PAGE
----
Rising numbers of COVID -19 cases could change some people’s holiday travel plans. But travelers holding nonrefundable tickets don’t have to sacrifice the ticket cost if they’re unable to make the trip.
“They can always reschedule their flight for another time; the airlines have waived their change fees and that’s a good thing,” said Douglas Kidd, executive director of the National Association of Airline Passengers.
Major airlines like American, Delta and United dropped their change fees in September. The fees varied by airlines but could be as high as $200.
Although the change fee has been dropped, depending on the time or day you want to change your flight to, you may have to pay more. For example, if you originally booked a 6 a.m. flight on Sunday morning and you reschedule it for a 2 p.m. flight on Monday, that would likely cost more.
Passengers who bought full-fare refundable tickets can get refunds when canceling trips.
“The main rule to remember is that if you want to get a refund on your ticket, then you have to get a refundable ticket,” Kidd said. “If the airline cancels a flight, they are obliged to make refunds to the people who are impacted. But if you, as an individual passenger, cancels a flight, you’re stuck with the policies that the airline has already put in place to protect themselves in such a circumstance.”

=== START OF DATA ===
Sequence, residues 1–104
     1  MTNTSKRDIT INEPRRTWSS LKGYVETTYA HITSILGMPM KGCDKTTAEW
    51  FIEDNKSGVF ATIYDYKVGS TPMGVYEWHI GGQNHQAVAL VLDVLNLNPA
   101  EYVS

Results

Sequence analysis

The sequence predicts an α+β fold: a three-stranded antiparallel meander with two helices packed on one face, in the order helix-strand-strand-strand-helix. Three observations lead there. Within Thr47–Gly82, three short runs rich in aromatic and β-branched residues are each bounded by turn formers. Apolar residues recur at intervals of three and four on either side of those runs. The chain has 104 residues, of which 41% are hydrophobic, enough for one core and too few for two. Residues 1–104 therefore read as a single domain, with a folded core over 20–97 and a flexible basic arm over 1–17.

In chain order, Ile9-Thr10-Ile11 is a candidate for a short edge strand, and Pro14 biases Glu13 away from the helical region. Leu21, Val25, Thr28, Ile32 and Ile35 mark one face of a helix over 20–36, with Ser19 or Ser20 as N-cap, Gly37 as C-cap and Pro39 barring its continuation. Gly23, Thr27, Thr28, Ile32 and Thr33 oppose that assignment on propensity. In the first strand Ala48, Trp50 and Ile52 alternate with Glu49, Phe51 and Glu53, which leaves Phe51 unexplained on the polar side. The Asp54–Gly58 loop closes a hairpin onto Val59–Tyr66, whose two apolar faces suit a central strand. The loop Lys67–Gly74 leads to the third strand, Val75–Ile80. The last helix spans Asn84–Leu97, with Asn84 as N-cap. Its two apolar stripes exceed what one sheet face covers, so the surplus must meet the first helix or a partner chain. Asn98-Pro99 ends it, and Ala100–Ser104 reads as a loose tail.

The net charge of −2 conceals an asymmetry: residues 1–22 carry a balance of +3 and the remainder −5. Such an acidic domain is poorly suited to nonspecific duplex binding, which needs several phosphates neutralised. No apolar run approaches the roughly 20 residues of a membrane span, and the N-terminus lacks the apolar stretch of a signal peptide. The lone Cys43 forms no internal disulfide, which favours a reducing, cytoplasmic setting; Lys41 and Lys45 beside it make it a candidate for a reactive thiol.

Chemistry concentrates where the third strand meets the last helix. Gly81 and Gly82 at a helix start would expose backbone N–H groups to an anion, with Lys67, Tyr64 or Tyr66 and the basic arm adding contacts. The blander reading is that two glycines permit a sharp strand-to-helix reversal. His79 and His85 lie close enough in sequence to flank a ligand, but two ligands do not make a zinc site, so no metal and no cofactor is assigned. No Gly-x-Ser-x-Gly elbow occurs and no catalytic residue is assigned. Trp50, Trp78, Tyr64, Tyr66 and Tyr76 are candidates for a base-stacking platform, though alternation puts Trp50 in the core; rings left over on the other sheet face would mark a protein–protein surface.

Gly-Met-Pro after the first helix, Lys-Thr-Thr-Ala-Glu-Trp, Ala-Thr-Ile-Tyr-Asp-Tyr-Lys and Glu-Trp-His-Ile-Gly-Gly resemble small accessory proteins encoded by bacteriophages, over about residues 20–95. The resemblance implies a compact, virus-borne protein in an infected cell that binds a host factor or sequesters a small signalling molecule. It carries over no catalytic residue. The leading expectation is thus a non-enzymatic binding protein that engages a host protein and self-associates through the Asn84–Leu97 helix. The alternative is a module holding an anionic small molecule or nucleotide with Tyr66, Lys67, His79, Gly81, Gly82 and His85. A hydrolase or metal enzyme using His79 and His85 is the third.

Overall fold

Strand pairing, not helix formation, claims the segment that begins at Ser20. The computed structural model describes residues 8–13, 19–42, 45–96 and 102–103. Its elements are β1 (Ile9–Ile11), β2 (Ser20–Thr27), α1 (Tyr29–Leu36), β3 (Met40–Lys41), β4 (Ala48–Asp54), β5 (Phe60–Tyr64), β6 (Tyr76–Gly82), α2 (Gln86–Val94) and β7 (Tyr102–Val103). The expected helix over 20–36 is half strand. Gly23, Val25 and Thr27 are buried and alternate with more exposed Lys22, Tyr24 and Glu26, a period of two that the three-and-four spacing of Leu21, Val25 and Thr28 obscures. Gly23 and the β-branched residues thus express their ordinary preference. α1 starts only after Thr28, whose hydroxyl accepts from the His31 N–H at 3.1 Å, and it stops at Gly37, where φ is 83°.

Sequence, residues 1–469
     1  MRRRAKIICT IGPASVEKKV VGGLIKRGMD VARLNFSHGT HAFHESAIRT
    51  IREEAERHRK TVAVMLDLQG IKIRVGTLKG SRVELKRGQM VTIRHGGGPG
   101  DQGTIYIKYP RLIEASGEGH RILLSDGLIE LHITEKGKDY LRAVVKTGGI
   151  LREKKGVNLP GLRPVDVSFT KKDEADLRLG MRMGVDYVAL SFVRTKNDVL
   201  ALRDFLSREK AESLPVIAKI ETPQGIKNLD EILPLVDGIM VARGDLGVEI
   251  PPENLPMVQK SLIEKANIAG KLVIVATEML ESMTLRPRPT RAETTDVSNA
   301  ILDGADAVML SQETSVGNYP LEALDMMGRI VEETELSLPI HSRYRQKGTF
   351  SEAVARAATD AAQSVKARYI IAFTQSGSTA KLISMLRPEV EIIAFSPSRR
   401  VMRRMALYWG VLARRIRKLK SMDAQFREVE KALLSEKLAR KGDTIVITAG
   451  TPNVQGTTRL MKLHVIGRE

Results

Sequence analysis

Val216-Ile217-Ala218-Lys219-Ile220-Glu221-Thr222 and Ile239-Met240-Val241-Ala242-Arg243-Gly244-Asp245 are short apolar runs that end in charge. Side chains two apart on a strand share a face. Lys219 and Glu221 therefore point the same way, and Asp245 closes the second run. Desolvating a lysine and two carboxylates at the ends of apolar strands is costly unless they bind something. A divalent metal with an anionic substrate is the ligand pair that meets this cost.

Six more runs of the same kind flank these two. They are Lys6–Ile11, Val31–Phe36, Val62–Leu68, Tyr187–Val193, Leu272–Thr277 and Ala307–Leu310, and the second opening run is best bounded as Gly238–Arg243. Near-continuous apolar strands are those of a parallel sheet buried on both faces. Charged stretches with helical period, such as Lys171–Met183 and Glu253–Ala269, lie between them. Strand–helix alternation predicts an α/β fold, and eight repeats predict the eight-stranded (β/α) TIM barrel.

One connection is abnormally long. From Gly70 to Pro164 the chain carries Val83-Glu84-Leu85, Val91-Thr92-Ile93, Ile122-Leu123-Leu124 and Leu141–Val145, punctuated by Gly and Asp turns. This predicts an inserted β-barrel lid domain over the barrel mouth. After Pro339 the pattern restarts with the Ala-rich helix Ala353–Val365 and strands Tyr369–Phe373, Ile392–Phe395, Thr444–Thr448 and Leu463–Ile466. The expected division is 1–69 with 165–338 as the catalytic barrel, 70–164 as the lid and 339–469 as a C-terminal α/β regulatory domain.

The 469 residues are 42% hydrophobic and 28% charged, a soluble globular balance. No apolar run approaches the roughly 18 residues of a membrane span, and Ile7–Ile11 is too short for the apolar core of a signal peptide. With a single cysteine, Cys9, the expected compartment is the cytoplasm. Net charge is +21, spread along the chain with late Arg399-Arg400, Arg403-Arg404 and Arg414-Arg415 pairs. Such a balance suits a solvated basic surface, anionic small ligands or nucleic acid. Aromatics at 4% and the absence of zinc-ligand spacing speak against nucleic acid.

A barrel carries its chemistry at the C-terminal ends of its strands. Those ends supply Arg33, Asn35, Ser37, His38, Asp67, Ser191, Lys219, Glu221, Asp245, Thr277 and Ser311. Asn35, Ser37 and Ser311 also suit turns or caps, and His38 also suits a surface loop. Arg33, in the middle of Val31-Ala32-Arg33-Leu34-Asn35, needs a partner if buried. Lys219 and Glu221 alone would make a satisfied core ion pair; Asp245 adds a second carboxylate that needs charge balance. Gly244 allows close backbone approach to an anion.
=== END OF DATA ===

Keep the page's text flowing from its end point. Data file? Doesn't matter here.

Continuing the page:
The association advises travelers who want refunds to buy refundable tickets when booking travel.
“People should be very careful about booking flights. If you’re at all concerned about whether or not you’ll need to cancel a flight, you should book a flight with a refundable ticket and (book it) directly with the airline. That way there’s no questions and a lot fewer problems. It’s more expensive, but it may be worth it,” Kidd said.
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